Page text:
The Elbert County Board of County Commissioners entered into an agreement to refinance more than $5.8 million of the county's debt on Feb. 29. The agreement was one of three interest-saving actions taken by the BOCC that is estimated to save …
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The Elbert County Board of County Commissioners entered into an agreement to refinance more than $5.8 million of the county's debt on Feb. 29. The agreement was one of three interest-saving actions taken by the BOCC that is estimated to save taxpayers more than $1.7 million over the next 15 years.
“We started a couple of years ago, where we had to look at our finances, restructure our finances … before we were eligible to refinance these loans,” said County Manager Ed Ehmann. “We're there today.”
The agreement with Branch Banking and Trust (BB&T), a Fortune 500 company headquartered in Winston-Salem, North Carolina, refinances $5.8 million of debt on the Elbert County Justice Center previously held by Wells Fargo.
Several factors prevented the county from refinancing the Wells Fargo note prior to this year. Under the original terms, the county was not allowed to refinance prior to 2015. Additionally, the county failed to maintain all of the note's terms, specifically a $500,000 reserve.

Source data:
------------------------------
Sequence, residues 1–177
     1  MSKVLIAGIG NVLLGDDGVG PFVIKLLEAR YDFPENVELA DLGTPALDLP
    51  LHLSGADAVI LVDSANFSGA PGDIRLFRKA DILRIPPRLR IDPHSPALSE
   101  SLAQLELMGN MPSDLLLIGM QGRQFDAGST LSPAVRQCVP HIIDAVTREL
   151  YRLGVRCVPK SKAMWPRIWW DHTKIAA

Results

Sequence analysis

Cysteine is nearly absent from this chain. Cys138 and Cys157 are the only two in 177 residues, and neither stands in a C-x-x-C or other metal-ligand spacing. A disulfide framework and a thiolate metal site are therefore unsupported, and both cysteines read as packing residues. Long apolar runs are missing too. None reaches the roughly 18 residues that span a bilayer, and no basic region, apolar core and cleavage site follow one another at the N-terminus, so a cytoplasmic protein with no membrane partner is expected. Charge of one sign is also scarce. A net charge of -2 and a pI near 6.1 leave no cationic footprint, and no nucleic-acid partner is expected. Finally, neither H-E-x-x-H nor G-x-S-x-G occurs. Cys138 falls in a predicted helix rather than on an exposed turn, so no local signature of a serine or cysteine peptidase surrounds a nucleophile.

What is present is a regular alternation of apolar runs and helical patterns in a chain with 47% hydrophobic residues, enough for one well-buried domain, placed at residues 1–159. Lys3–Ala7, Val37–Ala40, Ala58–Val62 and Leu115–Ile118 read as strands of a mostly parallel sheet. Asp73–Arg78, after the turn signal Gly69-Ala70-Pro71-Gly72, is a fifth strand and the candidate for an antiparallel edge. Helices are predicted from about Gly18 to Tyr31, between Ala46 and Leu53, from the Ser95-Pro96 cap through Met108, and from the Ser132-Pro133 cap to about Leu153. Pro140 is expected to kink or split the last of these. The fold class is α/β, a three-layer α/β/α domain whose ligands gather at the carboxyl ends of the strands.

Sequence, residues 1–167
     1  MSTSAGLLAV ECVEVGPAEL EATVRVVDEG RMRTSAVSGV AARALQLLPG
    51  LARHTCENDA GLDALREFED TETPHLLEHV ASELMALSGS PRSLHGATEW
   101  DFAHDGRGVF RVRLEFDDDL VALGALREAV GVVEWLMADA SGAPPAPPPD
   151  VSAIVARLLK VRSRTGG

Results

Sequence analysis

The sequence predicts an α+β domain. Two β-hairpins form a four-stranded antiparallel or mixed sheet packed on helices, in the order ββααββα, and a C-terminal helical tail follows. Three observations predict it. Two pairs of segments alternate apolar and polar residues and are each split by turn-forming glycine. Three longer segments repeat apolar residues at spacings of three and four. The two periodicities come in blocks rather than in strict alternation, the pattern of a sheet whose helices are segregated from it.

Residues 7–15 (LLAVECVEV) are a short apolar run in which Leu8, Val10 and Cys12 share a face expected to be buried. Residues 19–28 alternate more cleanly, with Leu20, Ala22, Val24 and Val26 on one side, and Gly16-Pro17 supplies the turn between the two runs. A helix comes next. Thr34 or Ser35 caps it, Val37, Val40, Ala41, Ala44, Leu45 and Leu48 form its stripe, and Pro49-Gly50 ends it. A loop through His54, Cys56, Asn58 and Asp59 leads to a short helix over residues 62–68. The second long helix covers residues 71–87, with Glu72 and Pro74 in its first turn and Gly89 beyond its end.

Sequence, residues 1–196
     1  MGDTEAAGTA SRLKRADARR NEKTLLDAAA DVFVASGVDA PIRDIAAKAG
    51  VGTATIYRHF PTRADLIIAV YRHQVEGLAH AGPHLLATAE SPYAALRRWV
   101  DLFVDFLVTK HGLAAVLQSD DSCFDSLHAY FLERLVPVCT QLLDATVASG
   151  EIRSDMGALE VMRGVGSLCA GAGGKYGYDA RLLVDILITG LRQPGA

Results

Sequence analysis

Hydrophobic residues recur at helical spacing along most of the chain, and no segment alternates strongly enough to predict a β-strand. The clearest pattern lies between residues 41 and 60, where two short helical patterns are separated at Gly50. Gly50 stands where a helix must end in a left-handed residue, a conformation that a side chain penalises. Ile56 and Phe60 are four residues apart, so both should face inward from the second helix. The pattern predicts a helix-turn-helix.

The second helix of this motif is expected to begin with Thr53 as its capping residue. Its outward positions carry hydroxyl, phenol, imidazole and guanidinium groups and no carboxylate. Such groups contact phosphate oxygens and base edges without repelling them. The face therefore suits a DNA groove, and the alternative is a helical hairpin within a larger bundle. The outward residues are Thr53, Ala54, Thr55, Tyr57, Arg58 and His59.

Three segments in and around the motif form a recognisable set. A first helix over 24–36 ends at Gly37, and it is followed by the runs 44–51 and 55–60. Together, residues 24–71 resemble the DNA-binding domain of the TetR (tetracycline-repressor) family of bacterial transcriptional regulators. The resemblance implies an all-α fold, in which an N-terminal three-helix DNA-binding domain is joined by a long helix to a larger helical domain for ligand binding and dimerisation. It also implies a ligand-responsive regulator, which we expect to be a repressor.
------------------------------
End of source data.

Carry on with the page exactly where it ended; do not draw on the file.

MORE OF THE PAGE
Over the past two years, improvements to the county's financial situation, its ability to meet the reserve requirement, and timely budget and audited financial statement filings allowed it to enter into negotiations to refinance.
In addition to reducing the interest rate on the bond from 5.25 percent to 2.61 percent, the agreement unencumbers several county assets such as $3.0 million in water rights, removes the $500,000 reserve requirement, eliminates a balloon payment, and releases the county from obtaining bank approval before spending $300,000 or more.
“We've also been able to roll that $2.6 million balloon payment into the refinance, so there's no obligation at the end of the term. It adds roughly two years to the refinance itself; however, it'll save over the period of the note around $1.7 million. We maintain roughly the same interest and principal payment over 15 years that we are currently making,” Ehmann said.
In two other actions, commissioners paid down debt on the Foxwood Estates and Foxwood Ranches Public Improvement District as well as for Meadow Station. Acting as the boards for the respective bodies, the members eliminated two years of debt from both districts, by paying down $50,000 and $95,000 of notes respectively.
The funds used to pay down the notes came from a Specific Ownership Tax (SOT) collected by the county as part of license plate registration and renewal.
“By statute, any entity in the county that has a mill levy gets a percentage of that SOT tax. Per year for Foxwood it's about $4,000,” said County Treasurer Rick Pettitt. “For Meadow Station, it's about $10,000 per year.”
Pettitt estimated the total interest savings to be $37,000 for Meadow Station and $34,000 for Foxwood Estates over the terms of the notes.
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